• Home
  • Athletes
  • Most professional athletes get vaccinated, but the unvaccinated make the headlines

Most professional athletes get vaccinated, but the unvaccinated make the headlines

By on January 6, 2022 0


This is an excerpt from The Buzzer, CBC Sports’ daily email newsletter. Stay up to date with what’s happening in the sport by signing up here.

Unbridled sports stars dominate the headlines

The vast majority of professional athletes are vaccinated against COVID-19. But three notoriously unvaccinated superstars are currently making the news for a variety of reasons:

Novak Djokovic

The world’s most dominant tennis player – who declined to say if he’s been vaccinated but whose actions all indicate he’s not – looked set to break the all-time record for the men’s Grand Slam titles at this month’s Australian Open. His 20 major wins include a record nine for the Australian, which he has won the past three consecutive years. But now it looks like Djokovic can’t even play.

The Serbian star arrived in Melbourne on Wednesday after obtaining a medical exemption from the state government of Victoria which allowed him to bypass the vaccination requirement for those entering the country. But, after a public outcry, Australian border officials at the airport today rejected Djokovic’s exemption and canceled his visa. His lawyers are challenging this decision in court in the hope of avoiding deportation. But the hearing will not take place until Monday, leaving the world No.1 in limbo.

Meanwhile, Djokovic is confined to a hotel room, and his mother accuses Australian authorities of treating her son “like a prisoner” and carrying out a “political attack” in an attempt to prevent him from setting the record. Slam. Djokovic’s father went further at the couple’s press conference today, comparing his son’s plight to the crucifixion of Jesus Christ and portraying him as a national freedom fighter. “Novak is Serbia, and Serbia is Novak,” he said in Serbian. “They are marching on Novak, and with that, they are also marching on Serbia and the Serbian people.”

Kyrie Irving

Normally, the return of one of the world’s most talented basketball players after missing the first three months of the season would be greeted with unbridled celebration. But, with Kyrie, nothing is ever that easy.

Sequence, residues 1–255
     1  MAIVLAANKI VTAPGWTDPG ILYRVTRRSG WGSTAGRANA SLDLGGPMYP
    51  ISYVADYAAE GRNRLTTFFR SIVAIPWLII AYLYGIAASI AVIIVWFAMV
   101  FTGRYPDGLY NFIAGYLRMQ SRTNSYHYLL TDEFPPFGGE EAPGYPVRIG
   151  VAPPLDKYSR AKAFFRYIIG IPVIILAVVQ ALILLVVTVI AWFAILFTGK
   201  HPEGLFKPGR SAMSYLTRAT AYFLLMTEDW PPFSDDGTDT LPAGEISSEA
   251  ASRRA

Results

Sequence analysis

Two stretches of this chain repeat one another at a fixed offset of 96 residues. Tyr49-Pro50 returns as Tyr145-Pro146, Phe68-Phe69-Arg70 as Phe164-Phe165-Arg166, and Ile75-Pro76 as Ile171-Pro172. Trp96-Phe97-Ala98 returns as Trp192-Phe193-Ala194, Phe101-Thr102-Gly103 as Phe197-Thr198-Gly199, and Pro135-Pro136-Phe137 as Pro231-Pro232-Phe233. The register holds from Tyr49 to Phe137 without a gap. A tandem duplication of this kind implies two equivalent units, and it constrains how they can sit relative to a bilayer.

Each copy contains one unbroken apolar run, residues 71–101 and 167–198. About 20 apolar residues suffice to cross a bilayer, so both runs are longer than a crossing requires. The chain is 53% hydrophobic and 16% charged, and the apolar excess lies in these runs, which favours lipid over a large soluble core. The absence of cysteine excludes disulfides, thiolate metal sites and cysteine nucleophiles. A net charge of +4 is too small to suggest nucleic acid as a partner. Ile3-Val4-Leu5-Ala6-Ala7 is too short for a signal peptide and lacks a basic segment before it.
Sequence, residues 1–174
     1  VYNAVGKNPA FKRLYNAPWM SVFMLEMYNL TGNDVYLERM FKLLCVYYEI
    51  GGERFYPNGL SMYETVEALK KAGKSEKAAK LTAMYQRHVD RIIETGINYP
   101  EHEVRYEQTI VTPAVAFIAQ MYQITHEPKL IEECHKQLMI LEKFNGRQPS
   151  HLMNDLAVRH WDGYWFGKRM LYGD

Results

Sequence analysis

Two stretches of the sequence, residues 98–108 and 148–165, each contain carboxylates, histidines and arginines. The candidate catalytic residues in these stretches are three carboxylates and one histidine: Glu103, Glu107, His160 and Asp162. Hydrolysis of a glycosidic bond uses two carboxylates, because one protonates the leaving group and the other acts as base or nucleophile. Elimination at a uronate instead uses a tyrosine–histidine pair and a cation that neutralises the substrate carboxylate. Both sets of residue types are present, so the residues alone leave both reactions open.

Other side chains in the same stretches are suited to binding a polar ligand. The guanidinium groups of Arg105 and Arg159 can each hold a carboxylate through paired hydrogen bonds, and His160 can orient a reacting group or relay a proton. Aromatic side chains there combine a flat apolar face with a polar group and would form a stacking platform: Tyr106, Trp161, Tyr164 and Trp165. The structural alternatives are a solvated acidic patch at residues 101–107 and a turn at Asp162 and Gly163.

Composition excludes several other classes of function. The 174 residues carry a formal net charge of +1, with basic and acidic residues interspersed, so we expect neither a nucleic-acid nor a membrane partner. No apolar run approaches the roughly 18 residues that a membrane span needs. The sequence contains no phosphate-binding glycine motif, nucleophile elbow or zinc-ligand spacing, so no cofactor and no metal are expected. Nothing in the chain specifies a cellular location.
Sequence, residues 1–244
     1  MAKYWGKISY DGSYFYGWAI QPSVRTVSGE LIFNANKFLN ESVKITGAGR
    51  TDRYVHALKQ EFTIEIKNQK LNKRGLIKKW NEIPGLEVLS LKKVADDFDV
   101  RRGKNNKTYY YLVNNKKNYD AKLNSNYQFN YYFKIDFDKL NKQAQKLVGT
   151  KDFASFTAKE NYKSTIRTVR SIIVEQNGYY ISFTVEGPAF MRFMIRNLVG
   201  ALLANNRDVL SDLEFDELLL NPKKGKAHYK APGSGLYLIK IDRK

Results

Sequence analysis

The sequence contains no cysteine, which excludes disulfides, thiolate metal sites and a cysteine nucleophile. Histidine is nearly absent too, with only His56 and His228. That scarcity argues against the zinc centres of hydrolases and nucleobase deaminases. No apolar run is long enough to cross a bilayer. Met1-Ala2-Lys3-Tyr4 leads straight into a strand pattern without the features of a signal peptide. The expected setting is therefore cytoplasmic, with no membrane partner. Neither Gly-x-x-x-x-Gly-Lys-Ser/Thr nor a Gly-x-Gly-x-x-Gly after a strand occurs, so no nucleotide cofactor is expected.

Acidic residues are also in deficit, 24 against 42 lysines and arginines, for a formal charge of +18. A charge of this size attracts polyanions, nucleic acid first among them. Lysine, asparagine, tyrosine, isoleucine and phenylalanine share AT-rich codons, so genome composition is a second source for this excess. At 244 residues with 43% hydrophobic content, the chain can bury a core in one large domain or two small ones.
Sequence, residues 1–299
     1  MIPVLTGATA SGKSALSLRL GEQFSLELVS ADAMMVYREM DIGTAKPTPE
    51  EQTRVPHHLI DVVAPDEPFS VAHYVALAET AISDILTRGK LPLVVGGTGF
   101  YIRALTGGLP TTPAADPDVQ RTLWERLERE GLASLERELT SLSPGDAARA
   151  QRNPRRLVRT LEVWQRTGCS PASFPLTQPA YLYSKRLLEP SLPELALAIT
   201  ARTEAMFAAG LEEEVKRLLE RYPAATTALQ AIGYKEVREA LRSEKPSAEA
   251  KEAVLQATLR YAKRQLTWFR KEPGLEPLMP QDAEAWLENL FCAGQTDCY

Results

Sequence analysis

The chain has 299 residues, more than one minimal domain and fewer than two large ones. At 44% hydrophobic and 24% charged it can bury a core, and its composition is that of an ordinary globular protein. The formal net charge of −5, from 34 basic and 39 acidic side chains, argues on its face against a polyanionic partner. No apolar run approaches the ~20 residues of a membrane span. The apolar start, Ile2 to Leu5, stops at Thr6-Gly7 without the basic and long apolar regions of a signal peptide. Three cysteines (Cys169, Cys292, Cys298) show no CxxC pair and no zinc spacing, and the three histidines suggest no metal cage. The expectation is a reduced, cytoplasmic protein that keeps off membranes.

The mercurial flat earth bubbler caused a big stench during the preseason with his refusal to get the shot – a major issue for his team, the Brooklyn Nets, given New York City’s mandate requiring athletes professionals performing in indoor public places are vaxxed. Irving could have played road games in areas that don’t have such a rule, but the Nets have said they won’t allow him to be a part-time player.

Until their list was decimated last month by an epidemic. Brooklyn blinked, invited Kyrie back and (after a stint in NBA COVID-19 protocol triggered by a positive or inconclusive test) he made his season debut last night in Indiana. Irving scored 22 in a Nets victory, then dodged questions from reporters about whether he would reconsider his stance on the vaccine. This could become an even bigger headache for Brooklyn as the playoffs begin, when Irving may have to be out for almost half of a series’ games.

Aaron Rodgers

The reigning NFL MVP angered many fans in November when he tested positive for COVID-19 and was forced to miss 10 days, revealing he was not vaccinated. Ahead of the season Rodgers gave the impression he was vaxxed when he told reporters he had ‘been immunized’ and added ‘there are guys on the squad who haven’t been vaccinated. … I’m not going to judge these guys ”. Turns out he was one of those guys. Rodgers explained that he had “an allergy to an ingredient that is in mRNA vaccines”, but he also did not help himself by accusing “culture cancellation” and “the crowd woke up. “to have been caught in a lie.

As we know, however, the NFL has been known to forgive personal transgressions as long as you deliver on Sunday (see: Brown, Antonio). Rodgers has therefore been able to largely put the controversy behind him by playing brilliant football over the past two months. He led Green Bay to six wins in seven games since returning to the roster, putting the Packers alone atop the league with a 13-3 record heading into the final weekend of the regular season.